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Scientists are using a powerful gene editing technique to understand how human embryos develop.

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image: Gene Drive Limitations

Gene Drive Limitations

By | October 9, 2017

In lab populations of genetically engineered mosquitoes, mutations arose that blocked the gene drive’s spread and restored female fertility.

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image: Effects of Neanderthal DNA on Modern Humans

Effects of Neanderthal DNA on Modern Humans

By | October 5, 2017

A new study reveals how Neanderthal DNA in the genomes of present-day British people influences their traits.

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image: Image of the Day: Fragile Brain

Image of the Day: Fragile Brain

By | October 3, 2017

In Fragile X syndrome—a genetic mishap that results in cognitive delays—the lack of a translation-repressing protein leads to the rampant accumulation of other proteins in the mouse brain.

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image: Q&A with Michael Young, Nobel Laureate

Q&A with Michael Young, Nobel Laureate

By | October 2, 2017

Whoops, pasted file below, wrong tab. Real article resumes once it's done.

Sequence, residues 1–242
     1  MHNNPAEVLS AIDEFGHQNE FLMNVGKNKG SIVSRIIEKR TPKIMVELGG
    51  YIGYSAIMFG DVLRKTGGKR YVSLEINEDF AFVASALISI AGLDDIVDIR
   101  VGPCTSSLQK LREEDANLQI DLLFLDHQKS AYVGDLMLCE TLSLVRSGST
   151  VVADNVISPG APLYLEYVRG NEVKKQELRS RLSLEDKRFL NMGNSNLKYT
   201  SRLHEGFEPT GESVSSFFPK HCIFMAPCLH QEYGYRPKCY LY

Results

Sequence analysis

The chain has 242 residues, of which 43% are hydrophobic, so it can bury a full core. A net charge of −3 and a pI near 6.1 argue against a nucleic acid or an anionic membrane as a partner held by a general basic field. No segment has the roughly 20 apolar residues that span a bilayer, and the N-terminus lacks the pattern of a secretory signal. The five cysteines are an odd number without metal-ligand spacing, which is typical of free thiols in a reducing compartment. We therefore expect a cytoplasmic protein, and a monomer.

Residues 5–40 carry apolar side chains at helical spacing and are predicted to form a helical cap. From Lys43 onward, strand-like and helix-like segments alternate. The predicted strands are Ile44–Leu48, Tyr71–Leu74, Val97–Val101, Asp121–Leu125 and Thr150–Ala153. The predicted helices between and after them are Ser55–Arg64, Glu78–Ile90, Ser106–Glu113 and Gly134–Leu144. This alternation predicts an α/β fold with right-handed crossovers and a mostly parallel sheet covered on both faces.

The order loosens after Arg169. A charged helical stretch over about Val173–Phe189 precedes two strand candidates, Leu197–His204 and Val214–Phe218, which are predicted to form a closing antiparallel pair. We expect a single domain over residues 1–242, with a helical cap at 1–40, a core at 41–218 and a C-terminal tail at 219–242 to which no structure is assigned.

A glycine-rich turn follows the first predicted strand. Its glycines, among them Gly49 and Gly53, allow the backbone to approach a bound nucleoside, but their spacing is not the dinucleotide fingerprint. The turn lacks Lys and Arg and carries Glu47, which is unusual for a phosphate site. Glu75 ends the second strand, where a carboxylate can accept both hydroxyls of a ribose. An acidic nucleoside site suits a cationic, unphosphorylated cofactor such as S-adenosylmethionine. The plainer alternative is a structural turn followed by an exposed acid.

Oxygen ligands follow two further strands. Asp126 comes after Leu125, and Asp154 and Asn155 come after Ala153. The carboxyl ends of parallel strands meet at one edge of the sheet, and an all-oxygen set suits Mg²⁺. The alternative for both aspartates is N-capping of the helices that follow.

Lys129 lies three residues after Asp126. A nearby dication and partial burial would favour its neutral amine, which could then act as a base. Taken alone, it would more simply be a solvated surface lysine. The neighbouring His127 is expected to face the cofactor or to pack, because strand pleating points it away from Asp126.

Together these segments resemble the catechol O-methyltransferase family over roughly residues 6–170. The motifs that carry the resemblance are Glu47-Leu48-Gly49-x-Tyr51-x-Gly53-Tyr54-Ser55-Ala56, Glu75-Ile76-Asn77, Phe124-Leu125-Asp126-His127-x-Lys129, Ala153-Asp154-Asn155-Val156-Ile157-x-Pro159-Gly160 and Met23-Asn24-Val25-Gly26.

Young talks with The Scientist about studying circadian rhythms in fruit flies, the applications of his work beyond Drosophila, and winning the prize. 

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image: Q&A with Nobel Laureate Michael Rosbash

Q&A with Nobel Laureate Michael Rosbash

By | October 2, 2017

A basic curiosity about how life works led the Brandeis University molecular biologist to discover how our bodies keep time. 

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image: Nonviral CRISPR Delivery a Success

Nonviral CRISPR Delivery a Success

By | October 2, 2017

Researchers use gold nanoparticles to deliver CRISPR-Cas9 and correct a point mutation in a mouse model of Duchenne muscular dystrophy. 

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Researchers explore genetic engineering to produce super-tough fibers.

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image: Damage Patroller

Damage Patroller

By | October 1, 2017

Stephen Elledge has built a career studying how eukaryotic cells maintain genomic integrity.

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image: Spider Silk

Spider Silk

By | October 1, 2017

Kraig Biocraft Laboratories has genetically engineered a silkworm to spin spider silk, which might be used for futuristic products.

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    The Nutshell Research Links Gut Health to Neurodegeneration

    Rodent studies presented at the Society for Neuroscience meeting this week tie pathologies in the gastrointestinal tract or microbiome composition with Parkinson’s and Alzheimer’s diseases.

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